How to Grow Healthy Ficus Trees By Jon VanZile
The enduringly popular ficus plants belong to the fig genus. Although only a few are seen in cultivation, there are hundreds of species of ficus. They are native throughout the tropics, including Asia, America and Africa. These are extremely important plants, as decorative plants, food plants and even religious symbols.
The famous Bodhi tree under which Buddha achieved enlightenment was a Ficus religiosa.
In their native habitats, ficus are often landscape trees with hanging and buttressed roots and a magnificent crown. In the home, ficus are beautiful specimen plants that can provide many years of lush foliage.
Light: Bright light, but only acclimated plants can handle direct sun. Ficus appreciate being moved outside in summer, but do not place in direct sunlight.
Water: Water evenly throughout the summer and reduce watering in the winter. In dry homes, provide plenty of ambient moisture by misting often. Do not let the rootball dry out.
Temperature: Warm in summer. Do not allow below 55ºF in winter or expose to cold drafts.
Soil: Rich, humusy and well-drained soil.
Fertilizer: Feed with slow-release pellets in the beginning of the growing season.
Ficus can be rooted from tip cuttings with rooting hormone. Use only non-woody stems as cuttings. For larger plants, air laying is the preferred method.
A healthy ficus will rapidly outgrow both its pot and your house. Repot only every other year to slow growth and keep the plant a manageable size. When repotting, always use high-quality potting soil.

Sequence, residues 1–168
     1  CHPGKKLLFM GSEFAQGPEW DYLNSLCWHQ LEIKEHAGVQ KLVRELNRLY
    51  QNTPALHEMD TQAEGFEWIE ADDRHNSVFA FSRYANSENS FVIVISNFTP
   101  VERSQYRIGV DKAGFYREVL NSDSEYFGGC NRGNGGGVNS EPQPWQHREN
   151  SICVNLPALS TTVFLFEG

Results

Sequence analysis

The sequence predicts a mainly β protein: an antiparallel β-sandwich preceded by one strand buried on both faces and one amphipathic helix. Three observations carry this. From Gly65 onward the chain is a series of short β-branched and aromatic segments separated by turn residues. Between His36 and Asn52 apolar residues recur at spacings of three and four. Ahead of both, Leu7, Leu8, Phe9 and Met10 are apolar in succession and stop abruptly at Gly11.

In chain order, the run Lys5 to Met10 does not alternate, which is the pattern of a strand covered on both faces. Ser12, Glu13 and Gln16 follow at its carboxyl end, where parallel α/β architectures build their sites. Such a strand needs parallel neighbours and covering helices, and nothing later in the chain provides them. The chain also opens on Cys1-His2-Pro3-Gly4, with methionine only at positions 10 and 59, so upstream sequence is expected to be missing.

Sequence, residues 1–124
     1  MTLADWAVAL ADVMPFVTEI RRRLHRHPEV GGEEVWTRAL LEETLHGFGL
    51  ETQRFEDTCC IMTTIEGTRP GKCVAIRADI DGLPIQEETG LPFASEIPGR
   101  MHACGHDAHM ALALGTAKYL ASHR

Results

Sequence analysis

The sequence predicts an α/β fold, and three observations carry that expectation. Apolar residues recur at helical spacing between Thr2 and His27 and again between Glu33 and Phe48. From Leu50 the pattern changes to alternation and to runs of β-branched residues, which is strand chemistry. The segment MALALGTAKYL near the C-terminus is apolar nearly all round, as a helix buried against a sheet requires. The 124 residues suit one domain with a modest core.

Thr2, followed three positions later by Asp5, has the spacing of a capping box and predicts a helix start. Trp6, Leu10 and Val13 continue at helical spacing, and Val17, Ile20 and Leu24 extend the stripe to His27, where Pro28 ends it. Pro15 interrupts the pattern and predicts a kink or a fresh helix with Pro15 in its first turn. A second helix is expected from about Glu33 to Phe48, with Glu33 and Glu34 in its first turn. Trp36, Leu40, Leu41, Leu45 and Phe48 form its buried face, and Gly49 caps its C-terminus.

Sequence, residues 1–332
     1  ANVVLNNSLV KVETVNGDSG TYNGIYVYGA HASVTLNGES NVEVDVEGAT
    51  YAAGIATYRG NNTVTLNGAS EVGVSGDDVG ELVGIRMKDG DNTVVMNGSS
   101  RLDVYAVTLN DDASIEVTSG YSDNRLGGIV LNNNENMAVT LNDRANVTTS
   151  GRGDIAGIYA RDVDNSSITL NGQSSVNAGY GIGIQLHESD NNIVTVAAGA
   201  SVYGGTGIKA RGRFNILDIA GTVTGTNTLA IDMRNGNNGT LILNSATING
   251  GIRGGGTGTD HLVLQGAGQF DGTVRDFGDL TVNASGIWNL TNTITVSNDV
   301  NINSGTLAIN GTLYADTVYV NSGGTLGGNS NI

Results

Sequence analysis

There are two types of ficus grown inside: trailing and tree types. This article is concerned with tree ficus, including:
■ F. benajmina. The F. benjamina has narrow glossy green leaves and grows into a small shrub or tree. This plant is less tolerant of cold and shade than the Rubber Tree. Variegated varieties include F. benjamina variegata and F. benjamina Starlight.
■ F. elastica. The Rubber Tree has large, thick glossy leaves. Varieties include the F. elastica robusta with wide, large leaves and the F. elastica decora.
■ F. lyrata. The Fiddle Leaf Fig has large, violin-shaped leaves up to 18 inches long.
Many people experience frustration at the hands of ficus plants. They are prone to leaf drop in drafty, cold conditions, and they don't like to be moved. Ficus are also vulnerable to mites, mealy bugs, white flies and aphids. As tropical plants, they absolutely require adequate light, warmth and humidity to look their best.
On the other hand, few plants are quite as flexible as the ficus. F. benjamina is a favorite among bonsai growers and they can be braided or shaped. If your ficus is overgrowing its spot, don't be afraid to trim it back. New leaves will quickly sprout. Ficus tend toward legginess after a few years.
taken from https://www.thespruce.com/grow-ficus-trees-
till next time this is Becky Litterer Becky's Greenhouse, Dougherty Iowa